Slow Season Survival: Depotting Containers (All the Small Plastic Things – Part 1: Liquids)

The slow season is a great time to take a look at your kit and evaluate how you can condense your products to save space and lighten your load. Today, let’s talk about all of the different options you have for depotting your bulky products into lightweight, manageable containers! This will be a multi-part post where we focus in-depth on each type of product. First up, liquids!

Depotting your products has several advantages, not limited to space and weight. Imagine if your kit were stolen or damaged. If you were keeping full-size products in your kit, you’d be out all of that product vs if you were carrying a smaller portion of that product in a different container. In that case, you’d still have a portion of that product in your inventory at home and can still work! Winning!

Liquid Products

Cases with narrow wheelbases will do you dirty at every corner.  Trust.

Remember when your over-stuffed Pro Stack case wiped out when you took a corner 4 times faster than you knew was good for you and all 78lbs of it crashed on its side? That was probably when it happened. You can smell it — the rosey, herbal aroma of several ounces of a $12 Mario Badescu Rose Water Facial Spray seeping into the nooks and crannies of your kit, dampening the layer of cosmetic dust that covers the bottom and creating a stubborn, gooey shimmery paste that only Parian Spirit is going to make a dent on.

The Grumpy — you have it. 

Now, on to trying to open your kit in front of your client and pretend that everything isn’t wet.

Liquid foundations, highlighters, moisturizers, toners, and skin prep can be depotted into a variety of containers to make them more compact. Other advantages are to limit spillable quantities so if something does happen, only 1 or 2 ounces of (sometimes expensive) product escapes instead of 8, 12, or 24 ounces.

Here are some ideas for super liquidy products:

PET Cylinder travel containers from MUJI.  These are great for micellar waters, liquid makeup removers, toners, and anything else you don’t NEED to spray on the face, but would maybe use on a cotton round.  

Victor Amos has some fantastic posts about how he condenses his pro artist kit.  Here are the MUJI bottles in action!

Spray Bottle, Natural with Pump and Cap, Clear

These spray bottles come in a couple of different sizes and are amazing for facial sprays, chemical exfoliators (like Sex-A-Peel), or toners you’d prefer to spray vs swipe on.  You could even depot smaller quantities of setting sprays to give to clients or for small jobs.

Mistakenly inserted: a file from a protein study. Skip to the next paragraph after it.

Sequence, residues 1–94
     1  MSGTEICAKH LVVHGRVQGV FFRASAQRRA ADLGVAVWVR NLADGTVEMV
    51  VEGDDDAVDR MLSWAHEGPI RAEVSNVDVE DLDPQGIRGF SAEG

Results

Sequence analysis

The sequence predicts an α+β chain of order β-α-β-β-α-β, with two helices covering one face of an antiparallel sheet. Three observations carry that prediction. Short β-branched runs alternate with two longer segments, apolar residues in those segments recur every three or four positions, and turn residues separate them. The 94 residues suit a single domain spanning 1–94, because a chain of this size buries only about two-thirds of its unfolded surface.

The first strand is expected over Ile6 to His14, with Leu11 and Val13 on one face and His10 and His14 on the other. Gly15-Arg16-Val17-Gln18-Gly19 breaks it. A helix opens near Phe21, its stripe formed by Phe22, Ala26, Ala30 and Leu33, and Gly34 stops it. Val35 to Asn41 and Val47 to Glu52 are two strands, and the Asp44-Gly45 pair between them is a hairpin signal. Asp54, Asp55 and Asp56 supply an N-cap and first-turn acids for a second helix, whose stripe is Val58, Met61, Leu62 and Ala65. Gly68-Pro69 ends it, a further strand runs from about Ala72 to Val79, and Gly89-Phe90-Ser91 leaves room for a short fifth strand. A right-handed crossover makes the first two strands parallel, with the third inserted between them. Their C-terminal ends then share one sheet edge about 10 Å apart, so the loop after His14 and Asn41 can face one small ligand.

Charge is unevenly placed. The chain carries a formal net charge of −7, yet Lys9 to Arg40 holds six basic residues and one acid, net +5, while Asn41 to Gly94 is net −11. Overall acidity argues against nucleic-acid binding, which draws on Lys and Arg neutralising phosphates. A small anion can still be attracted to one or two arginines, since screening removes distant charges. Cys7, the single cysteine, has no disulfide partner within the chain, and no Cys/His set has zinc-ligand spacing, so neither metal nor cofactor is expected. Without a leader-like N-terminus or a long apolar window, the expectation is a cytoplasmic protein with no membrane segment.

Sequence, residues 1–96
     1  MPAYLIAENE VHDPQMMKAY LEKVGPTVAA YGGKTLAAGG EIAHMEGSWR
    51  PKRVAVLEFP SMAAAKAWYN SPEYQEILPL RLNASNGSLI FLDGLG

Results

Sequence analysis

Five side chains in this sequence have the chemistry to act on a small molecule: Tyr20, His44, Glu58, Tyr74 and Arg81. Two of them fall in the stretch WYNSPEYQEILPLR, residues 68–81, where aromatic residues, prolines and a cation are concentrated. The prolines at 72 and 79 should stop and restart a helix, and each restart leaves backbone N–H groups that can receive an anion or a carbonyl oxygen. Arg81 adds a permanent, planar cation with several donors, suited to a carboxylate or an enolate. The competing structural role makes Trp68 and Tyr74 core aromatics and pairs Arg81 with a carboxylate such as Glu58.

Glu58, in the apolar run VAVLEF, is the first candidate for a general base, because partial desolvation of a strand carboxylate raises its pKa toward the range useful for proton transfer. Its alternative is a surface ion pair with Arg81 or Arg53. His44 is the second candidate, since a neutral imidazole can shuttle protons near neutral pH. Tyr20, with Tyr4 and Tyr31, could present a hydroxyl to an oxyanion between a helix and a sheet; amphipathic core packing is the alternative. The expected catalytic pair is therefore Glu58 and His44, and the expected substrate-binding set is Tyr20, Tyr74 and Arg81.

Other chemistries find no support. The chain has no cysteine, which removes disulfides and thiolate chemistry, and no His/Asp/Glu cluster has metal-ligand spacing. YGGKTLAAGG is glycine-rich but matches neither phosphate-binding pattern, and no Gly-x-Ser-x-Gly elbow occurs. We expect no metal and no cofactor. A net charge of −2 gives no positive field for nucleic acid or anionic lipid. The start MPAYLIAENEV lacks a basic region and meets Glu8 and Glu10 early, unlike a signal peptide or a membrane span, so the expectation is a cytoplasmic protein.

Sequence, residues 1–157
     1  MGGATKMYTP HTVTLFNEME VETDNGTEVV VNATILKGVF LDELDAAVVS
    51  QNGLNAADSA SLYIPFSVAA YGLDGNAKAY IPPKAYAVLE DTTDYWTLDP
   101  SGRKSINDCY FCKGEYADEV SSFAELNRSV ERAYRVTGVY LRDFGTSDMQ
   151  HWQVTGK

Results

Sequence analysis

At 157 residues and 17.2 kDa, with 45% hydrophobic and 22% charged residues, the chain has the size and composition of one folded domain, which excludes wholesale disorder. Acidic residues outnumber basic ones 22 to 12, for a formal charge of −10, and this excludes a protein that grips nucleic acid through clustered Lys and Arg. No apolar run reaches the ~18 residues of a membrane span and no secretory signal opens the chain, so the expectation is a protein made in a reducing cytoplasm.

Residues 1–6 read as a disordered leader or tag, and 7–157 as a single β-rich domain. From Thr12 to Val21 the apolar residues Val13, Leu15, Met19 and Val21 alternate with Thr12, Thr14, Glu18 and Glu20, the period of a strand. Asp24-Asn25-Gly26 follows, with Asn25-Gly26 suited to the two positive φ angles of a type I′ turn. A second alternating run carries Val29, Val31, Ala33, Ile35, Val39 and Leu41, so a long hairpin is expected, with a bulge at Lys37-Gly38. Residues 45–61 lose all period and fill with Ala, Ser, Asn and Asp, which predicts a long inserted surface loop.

Bottle, Fine Mist Sprayer and Overcap

These standard PET spray bottles are great for carrying small quantities of sanitizers and brush cleansers.  Be cautious with solvent-type brush cleansers in PET bottles, however.  They will deteriorate the plastic in a short amount of time.  For those, I recommend an HDPE bottle (LUSH’s toners come in these) for things like Parian Spirit, as it can withstand the chemical properties for longer.  

Another advantage to depotting things like serums and lotions is that it helps with your product control. You will rarely need a whole teaspoon of Embryolisse Lait Crema, but it’s really easy to squeeze too much out of that metal tube. Depotting it into a more metered container can help with that!

Airless Bottle and Pump, White with Overcap, Clear

These are great for moisturizers, serums, face oils, primers, basically anything that is not a balm.  These airless bottles meter each pump so you don’t use too much!  #thrifty

See these airless bottles in action at!

Cylinder Bottle, Natural with Dropper Tip Insert and Overcap, White

Small dropper bottles like this are great for liquids that are 1) thin enough to get through the dropper and 2) that you don’t need more than 10 to 12 drops per face.  Facial oils, airbrush foundations, serums, and sealers are great things to depot into these little guys. 

Squeeze Bottle with Flip Top Cap 

These bottles are great for depotting airbrush foundations or traditional liquid foundations that are thin enough to get through the dropper.  Be cautious of leakage, as some foundations can seep through the closure.  My advice is to try it on one color first and then, if that goes well, transfer them all!


So, let’s see how compact we can possibly get our kits!  A word of warning, though — carrying these smaller quantities means that you HAVE to evaluate your kit after every job to make sure you have enough of everything.  When you’re only carrying 1 ounce of micellar water, you’ll definitely run out faster than if you were carting the whole bottle around.  For pro artists, it’s worth it not to have the extra weight and bulk of carrying full size products. 

Stay tuned for our next installment that focuses on Cream Products and learn all the tips and tricks to taking your kit from 78lbs to maybe 20lbs!

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